Evil? Now, perhaps. Later? Not so much.

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Skipjack
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Re: Evil? Now, perhaps. Later? Not so much.

Postby Skipjack » Thu Feb 13, 2014 3:00 pm

No problem with having a few trained, armed people at the school. That is different from arming the teachers.
That "liberal society" with very few people armed works quite well in central and northern Europe, which is much safer than the US. Having everyone run around arresting other people without protocol and oversight will soon result in rival factions going after each other trying to "protect" their turf. Remember that the mafia started out as a kind of private police replacement.

ladajo
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Re: Evil? Now, perhaps. Later? Not so much.

Postby ladajo » Thu Feb 13, 2014 5:04 pm

central and northern Europe, which is much safer than the US


Really?

I dunno. I think in context I am way more nervous walking around the off main drag streets in Paris or Rome than I am in Boston.

There is plenty of violence in Europe. You just choose to ignore it.

Look at the Paris residential riot zones over the last few years as an example.
The development of atomic power, though it could confer unimaginable blessings on mankind, is something that is dreaded by the owners of coal mines and oil wells. (Hazlitt)
What I want to do is to look up C. . . . I call him the Forgotten Man. (Sumner)

ladajo
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Re: Evil? Now, perhaps. Later? Not so much.

Postby ladajo » Thu Feb 13, 2014 5:23 pm

The point is that folks don't go around looking to arrest each other.
Although, if someone commits a crime in fornt of others, I would hope they intervene and seek to hold the perps until they can turn them over to the system for processing.

If citizens do not take personal responsibility for the society they live in it is doomed to fail.
Just as much as if they abrogate all responsibility to the "governing".

Socities of the people, by the people, and for the people are the only ones that will last and be just.

When you weaken or remove any leg of that triangle, the system will fail.

As for having armed folks in the school. I am all for it. I have not problem with a teacher, secretary or janitor being armed as long as they have shown and continue to show they are responsible enough and skilled enough to provide use of force services in protection of there place of work. If they want to do it, then I am all for it. I encourage them.

School shootings will have no chance of stopping as long as idiots think that the schools are undefended. And the public school system does not have enough money as is to support education, so asking for them to buy and service more staff (and the career that goes with it) is silly. Leverage the resources in place at much smaller cost.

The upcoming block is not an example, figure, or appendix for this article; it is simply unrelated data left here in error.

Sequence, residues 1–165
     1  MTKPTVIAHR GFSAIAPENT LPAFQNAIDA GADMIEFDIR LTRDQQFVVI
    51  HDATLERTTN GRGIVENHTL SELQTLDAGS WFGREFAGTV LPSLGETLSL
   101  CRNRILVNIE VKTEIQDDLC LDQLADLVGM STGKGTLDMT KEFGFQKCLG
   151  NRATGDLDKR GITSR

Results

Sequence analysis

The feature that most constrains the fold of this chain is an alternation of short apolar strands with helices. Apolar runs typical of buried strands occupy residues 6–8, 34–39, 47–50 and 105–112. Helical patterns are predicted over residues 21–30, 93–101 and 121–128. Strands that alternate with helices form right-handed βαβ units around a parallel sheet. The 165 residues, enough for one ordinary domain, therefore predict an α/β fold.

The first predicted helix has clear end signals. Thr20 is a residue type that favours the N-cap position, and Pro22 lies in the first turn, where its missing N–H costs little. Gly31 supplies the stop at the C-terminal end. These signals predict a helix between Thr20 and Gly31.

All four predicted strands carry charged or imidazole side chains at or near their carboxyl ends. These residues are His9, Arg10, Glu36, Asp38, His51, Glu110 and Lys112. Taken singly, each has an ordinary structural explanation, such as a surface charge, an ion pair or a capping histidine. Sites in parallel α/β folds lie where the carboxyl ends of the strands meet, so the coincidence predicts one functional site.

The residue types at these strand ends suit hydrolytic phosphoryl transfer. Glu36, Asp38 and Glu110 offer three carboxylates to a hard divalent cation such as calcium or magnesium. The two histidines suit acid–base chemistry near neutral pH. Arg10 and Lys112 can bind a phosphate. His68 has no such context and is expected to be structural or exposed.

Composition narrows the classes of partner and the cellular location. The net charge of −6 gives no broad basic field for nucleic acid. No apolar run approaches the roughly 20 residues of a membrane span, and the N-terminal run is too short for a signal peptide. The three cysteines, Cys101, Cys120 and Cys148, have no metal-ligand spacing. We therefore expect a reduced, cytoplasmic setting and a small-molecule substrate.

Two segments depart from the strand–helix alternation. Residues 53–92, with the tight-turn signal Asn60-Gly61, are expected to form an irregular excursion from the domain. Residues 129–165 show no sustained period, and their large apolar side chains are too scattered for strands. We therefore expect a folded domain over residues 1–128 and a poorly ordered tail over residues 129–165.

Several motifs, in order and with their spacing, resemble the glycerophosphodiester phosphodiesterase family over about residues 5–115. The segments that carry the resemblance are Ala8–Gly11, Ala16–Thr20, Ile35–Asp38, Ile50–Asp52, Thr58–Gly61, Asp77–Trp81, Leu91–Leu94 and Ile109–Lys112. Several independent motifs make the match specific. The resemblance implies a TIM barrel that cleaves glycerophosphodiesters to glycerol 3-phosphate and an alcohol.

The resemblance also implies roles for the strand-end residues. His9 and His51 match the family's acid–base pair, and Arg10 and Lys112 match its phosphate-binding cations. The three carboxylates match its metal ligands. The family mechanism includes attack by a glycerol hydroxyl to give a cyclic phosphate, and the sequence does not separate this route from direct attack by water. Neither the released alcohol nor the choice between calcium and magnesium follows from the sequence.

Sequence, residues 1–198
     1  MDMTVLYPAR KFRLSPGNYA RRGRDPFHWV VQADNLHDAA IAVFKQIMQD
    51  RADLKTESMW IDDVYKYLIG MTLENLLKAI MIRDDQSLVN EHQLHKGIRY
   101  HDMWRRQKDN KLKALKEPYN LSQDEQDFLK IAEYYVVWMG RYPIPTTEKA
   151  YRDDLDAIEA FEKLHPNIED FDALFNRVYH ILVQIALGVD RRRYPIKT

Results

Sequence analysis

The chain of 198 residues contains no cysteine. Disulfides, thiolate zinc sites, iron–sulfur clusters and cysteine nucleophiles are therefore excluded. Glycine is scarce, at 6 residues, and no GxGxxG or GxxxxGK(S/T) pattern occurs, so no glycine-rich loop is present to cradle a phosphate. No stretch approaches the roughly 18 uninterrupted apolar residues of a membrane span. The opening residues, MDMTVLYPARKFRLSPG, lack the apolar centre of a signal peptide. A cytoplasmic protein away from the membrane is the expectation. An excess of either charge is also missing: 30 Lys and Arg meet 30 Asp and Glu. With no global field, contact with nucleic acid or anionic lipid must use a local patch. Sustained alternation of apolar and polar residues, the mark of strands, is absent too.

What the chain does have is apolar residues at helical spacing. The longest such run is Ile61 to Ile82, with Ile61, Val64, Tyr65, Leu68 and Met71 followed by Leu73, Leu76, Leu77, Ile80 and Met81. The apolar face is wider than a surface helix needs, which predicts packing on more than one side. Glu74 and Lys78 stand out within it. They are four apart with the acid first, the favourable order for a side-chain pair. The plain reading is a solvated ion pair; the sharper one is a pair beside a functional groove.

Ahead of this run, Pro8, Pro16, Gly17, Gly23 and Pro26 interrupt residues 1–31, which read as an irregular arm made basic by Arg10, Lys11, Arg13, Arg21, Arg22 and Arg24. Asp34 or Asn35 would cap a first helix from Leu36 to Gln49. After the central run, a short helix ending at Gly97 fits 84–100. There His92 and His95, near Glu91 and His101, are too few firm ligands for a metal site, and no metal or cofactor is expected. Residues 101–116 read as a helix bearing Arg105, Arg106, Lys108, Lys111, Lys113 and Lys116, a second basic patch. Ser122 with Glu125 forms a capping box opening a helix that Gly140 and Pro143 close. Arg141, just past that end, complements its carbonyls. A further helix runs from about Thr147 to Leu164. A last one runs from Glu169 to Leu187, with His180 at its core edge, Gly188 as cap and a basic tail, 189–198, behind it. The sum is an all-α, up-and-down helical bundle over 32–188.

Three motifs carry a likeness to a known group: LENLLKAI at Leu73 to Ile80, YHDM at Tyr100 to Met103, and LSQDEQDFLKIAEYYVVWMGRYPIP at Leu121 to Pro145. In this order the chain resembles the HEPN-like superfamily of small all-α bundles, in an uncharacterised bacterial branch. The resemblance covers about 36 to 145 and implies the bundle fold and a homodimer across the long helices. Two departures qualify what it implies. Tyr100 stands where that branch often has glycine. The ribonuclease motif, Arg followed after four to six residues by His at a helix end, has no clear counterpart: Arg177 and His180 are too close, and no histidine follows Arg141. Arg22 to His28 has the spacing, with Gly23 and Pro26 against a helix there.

You are making a mountain out of a mole hill.

Ask for volunteers. Protect their identities. Screen them. Train & Cert them, advertise they exist, and let them do the job.
What do you think the odds are that a school that does this and posts signs and spread the word that they have is going to be attacked? Pretty much ZERO I think. And if they are attacked, it is not going to be in a killing spree format. It will be a one off, and probably a sucker kill by an angry disturbed person who then offs themselves.
The development of atomic power, though it could confer unimaginable blessings on mankind, is something that is dreaded by the owners of coal mines and oil wells. (Hazlitt)

What I want to do is to look up C. . . . I call him the Forgotten Man. (Sumner)

ladajo
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Re: Evil? Now, perhaps. Later? Not so much.

Postby ladajo » Thu Feb 13, 2014 5:25 pm

As far as Active Shooter response goes, it is very straight forward doctrine to follow.

I. Get out.
2. If you can't get out, then shelter in place.
3. If you can't wait it out in shelter (ie nutjob coming in your space), then be prepared to try and take him/her down. Ambush them with whatever/whoever you can immediately upon entry.

It is proven that once attacked, the shooters quickly go to failure mode. Even if they succeed in defeating the initial attack by victims. Being counter-attacked completely changes their pyschological perception of the situation and event, and leads them rapidly to an event ending. Usually where they cap themselves in corner somewhere. This phenomena is driven by the fact that they transition from thinking they are in control to not. The normative driver for a shooter is a seeking of control. Once they see that it is in doubt, the entire facade crumbles. That is also why they avoid conciously or unconciously protected persons or areas.